Incident Data and Safety



A note regarding the data in this article: Most of the time, claims are not reported on the date they occur. Depending on the state, due to the statute of limitations, some claims can be reported from one to seven years after the fact. This means that the number of claims reported for 2020 will continue to rise over the next several years.

Since claims data take time to “develop,” 2019 offers the most recent year for which data have statistical value. The data in this report reflect claims filed through late 2020 for incidents that occurred in 2019 or earlier. (Data provided by Granite Insurance.)


In the past, the aerial adventure industry has often based its perception of safety on gut feeling. That leads to comments like, “We haven’t seen any big stories in the news this summer—it’s good to see the industry becoming safer.” Is that assumption accurate, though? Perhaps the stories just aren’t making the front page. 

Risk management advice and safety programs, recommendations, and education are best based on data, not assumption or instinct. An understanding of current incident data, as reflected in incident claims history, arms the industry to run safer, better informed operations.


Data published by Granite Insurance and other associations and research groups show that zip lines and aerial parks are safer, measured by insurance claims per 100,000 participants, than many of the more common sports that people, and especially kids, participate in.  

Next time a retailer refuses to resell your tickets, or a school group refuses to let their students come for a teambuilding event due to safety concerns, feel free to share this statistic: a person is 1,000+ times more likely to get injured in a soccer game than at an aerial adventure park (see Insurance Claim Rates chart on opposite page).


Claims per 100,000 participants is the best indicator we have for answering the question, “is the industry becoming safer?”  

The current prediction is that 2019 incidents that result in an insurance claim will eventually hit 4.28 per 100,000, even though the claims rate is currently 1.72; more claims will be filed closer to the statutory time limit. For the period from 2016 to 2019 (see Liability Claims Per 100,000 Participants chart, at right), we see that liability claims were relatively low compared to many other sports. 

Cautionary note. It is important to pay attention to spikes in the data, though. For example, in 2017 the number of incidents per 100,000 rose to 6, up from 4 in 2016. Why?  

Analysis suggests this spike was tied to the introduction of mechanical brakes. Overall, mechanical brakes have been good for the industry. However, operators experienced a significant learning curve while adopting the brakes. The 2017 spike reflects that lack of familiarity with the tool. As time has passed and operators and guides have become accustomed to mechanical brake usage, incidents have declined accordingly.  

A key takeaway here is that anytime you change your operation in a large way, there is a learning curve. To shorten the learning curve, be extra cautious and invest in training.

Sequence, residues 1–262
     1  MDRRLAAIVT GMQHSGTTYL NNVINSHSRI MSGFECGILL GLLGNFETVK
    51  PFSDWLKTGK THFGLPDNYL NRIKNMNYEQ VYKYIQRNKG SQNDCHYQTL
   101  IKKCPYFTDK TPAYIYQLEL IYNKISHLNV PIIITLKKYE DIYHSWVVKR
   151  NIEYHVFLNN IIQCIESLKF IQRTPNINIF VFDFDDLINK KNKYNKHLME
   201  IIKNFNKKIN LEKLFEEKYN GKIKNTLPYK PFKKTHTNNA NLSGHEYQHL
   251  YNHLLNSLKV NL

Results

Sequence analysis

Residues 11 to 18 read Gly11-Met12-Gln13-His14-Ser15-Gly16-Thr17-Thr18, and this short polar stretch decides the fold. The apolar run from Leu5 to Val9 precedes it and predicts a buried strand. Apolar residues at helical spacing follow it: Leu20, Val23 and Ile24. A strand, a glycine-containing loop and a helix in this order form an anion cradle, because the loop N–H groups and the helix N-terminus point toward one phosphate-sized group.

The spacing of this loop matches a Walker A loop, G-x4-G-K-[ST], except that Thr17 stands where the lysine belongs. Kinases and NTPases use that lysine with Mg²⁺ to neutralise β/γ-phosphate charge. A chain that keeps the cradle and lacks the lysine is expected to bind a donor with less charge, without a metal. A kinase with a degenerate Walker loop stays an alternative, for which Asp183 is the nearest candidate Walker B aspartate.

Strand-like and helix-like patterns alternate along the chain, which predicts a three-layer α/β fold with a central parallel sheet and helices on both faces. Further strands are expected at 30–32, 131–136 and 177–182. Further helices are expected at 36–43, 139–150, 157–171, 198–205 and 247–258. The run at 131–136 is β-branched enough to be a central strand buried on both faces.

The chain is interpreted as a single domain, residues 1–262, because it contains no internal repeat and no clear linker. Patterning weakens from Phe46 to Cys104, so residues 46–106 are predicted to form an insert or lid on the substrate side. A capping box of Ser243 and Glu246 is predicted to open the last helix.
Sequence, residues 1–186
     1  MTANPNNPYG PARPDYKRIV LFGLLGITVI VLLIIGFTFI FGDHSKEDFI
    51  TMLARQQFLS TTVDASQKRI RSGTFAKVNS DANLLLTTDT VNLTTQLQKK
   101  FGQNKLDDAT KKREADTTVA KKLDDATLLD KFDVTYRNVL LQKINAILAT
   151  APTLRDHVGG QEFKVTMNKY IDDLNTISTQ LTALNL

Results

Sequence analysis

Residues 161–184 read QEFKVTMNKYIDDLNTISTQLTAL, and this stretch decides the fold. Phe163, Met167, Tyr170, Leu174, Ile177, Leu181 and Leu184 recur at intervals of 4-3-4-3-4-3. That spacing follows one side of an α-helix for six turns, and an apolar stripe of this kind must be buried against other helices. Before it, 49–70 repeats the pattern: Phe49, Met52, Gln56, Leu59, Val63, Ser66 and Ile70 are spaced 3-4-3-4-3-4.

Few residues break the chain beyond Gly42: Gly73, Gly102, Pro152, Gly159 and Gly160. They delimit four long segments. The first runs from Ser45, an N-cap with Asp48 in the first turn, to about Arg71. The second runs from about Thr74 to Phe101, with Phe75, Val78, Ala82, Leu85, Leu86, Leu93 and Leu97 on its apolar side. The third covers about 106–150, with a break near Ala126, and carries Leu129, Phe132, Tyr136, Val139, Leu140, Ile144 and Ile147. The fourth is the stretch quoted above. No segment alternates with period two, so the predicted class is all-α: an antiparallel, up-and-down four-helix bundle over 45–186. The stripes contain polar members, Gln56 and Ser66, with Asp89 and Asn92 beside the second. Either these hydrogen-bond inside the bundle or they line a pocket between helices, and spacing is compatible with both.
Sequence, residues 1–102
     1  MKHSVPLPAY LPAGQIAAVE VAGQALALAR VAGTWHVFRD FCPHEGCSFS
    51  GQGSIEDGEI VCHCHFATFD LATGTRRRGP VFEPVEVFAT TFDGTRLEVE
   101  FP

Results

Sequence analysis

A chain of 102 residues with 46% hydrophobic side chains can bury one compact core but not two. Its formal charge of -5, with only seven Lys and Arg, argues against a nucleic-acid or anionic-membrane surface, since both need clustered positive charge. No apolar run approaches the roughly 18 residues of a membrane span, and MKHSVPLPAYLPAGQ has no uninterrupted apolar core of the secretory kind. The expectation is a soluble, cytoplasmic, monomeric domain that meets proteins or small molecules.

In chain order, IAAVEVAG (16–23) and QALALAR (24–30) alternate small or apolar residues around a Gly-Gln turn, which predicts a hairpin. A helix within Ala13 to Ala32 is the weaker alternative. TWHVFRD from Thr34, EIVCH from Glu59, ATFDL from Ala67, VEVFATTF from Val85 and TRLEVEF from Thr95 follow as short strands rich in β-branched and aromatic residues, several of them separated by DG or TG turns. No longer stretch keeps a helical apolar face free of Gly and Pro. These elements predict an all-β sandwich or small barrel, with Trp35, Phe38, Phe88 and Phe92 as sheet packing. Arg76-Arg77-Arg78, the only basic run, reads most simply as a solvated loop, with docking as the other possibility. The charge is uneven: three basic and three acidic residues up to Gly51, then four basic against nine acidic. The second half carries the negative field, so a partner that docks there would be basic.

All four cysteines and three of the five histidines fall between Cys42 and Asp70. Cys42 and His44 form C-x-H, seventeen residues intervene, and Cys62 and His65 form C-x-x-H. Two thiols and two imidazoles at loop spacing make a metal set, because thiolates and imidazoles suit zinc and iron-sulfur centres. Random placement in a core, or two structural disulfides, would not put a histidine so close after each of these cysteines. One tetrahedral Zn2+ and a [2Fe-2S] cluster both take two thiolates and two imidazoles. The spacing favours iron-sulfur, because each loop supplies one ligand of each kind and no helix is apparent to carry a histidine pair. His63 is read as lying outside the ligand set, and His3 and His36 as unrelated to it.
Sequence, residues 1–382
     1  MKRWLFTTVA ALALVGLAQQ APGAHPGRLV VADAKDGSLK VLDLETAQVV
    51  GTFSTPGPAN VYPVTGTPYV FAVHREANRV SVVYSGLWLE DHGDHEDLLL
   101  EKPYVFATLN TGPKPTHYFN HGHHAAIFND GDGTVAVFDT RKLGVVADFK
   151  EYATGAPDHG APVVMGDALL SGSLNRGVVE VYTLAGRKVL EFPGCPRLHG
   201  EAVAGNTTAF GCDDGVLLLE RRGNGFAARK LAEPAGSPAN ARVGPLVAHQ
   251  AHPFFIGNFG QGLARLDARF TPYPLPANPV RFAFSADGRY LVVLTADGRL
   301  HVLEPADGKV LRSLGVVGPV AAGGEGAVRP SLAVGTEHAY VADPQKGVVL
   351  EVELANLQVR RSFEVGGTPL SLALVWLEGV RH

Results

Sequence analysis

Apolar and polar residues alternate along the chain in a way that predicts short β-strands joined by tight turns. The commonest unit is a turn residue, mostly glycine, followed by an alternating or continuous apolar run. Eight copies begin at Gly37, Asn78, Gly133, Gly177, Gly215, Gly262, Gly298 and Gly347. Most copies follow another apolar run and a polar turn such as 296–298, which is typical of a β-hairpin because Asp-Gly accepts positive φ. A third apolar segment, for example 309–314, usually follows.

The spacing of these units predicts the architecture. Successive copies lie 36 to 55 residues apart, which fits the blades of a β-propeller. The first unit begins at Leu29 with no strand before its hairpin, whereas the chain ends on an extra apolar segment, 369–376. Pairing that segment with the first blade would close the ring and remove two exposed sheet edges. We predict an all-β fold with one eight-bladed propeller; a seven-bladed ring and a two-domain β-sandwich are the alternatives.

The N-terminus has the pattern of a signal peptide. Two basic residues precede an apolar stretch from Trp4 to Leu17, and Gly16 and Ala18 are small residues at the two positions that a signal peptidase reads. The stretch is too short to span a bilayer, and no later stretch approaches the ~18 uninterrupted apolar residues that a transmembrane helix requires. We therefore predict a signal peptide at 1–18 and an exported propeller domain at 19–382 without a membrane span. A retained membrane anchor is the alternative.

Data illustrating the changes in average participant claim costs can help operators adopt best practices. 

We are fortunate in this industry that individual operators do not have to deal with liability claims too often. However, when a claim does happen, it can be costly. The average cost of a claim in 2019 was $81,437 (see the Average Participant Claim chart, below). That is actually an improvement from prior years. Back in 2016, the average cost was $236,630.

What is leading to lower per claim costs?

1. Operators are reporting their incidents much quicker. In 2014, the average time to report an incident was 184 days after the incident. In 2019, the average was 26 days. The earlier an operator involves the experts (the insurance company) in an incident, the more time the experts have to take action, and the more control they have over how the claim develops. 

2. Claims are settled faster due to quicker claims reporting. In 2014, the average claim took 454 days after the incident to close. In 2019, the average claim closed in 79 days. That means less expense for insurance and legal staff. 

3. Defense attorneys have deepened their knowledge. As defense attorneys learn the ACCT standards and the inherent risks of industry activities, they become more skilled in defending industry claims. As a result, the average amount of money spent on an attorney during a claim has dropped from 22 percent in 2015 to 7 percent in 2019. (That figure is likely to increase to roughly 12 percent due to ongoing 2019 claims that have not settled/closed.) Using an attorney who knows the industry can save an operator money.


The data on claim rates and claim amounts indicate that, on average, an operation with 10,000 annual participants will have $720,000 in claims over a 10-year period. Insurance companies see your premiums as “funding” for the $720,000 in claims that will likely occur over that 10-year period. That is part of the calculation that goes into setting insurance rates.

Further, the insurance industry has endured a “hard market” over the past three years, which has led to a rise in insurance rates. We are hopeful that the market has peaked, and that quarterly increases will start decreasing. When evaluating your renewal for this year, though, keep in mind that the average annual premium increase for all businesses in the U.S. was 22 percent in the fourth quarter of 2020. While this hard market is not specific to the adventure park industry, we are experiencing the same trend. 


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